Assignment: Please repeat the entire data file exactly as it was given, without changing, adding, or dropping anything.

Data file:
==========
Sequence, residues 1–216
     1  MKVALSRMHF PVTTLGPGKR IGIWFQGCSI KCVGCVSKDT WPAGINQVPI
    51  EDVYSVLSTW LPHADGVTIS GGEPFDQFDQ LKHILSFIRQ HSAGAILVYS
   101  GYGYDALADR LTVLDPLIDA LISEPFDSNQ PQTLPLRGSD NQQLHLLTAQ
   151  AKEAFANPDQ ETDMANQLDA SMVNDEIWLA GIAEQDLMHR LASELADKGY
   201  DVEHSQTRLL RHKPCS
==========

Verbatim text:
Sequence, residues 1–216
     1  MKVALSRMHF PVTTLGPGKR IGIWFQGCSI KCVGCVSKDT WPAGINQVPI
    51  EDVYSVLSTW LPHADGVTIS GGEPFDQFDQ LKHILSFIRQ HSAGAILVYS
   101  GYGYDALADR LTVLDPLIDA LISEPFDSNQ PQTLPLRGSD NQQLHLLTAQ
   151  AKEAFANPDQ ETDMANQLDA SMVNDEIWLA GIAEQDLMHR LASELADKGY
   201  DVEHSQTRLL RHKPCS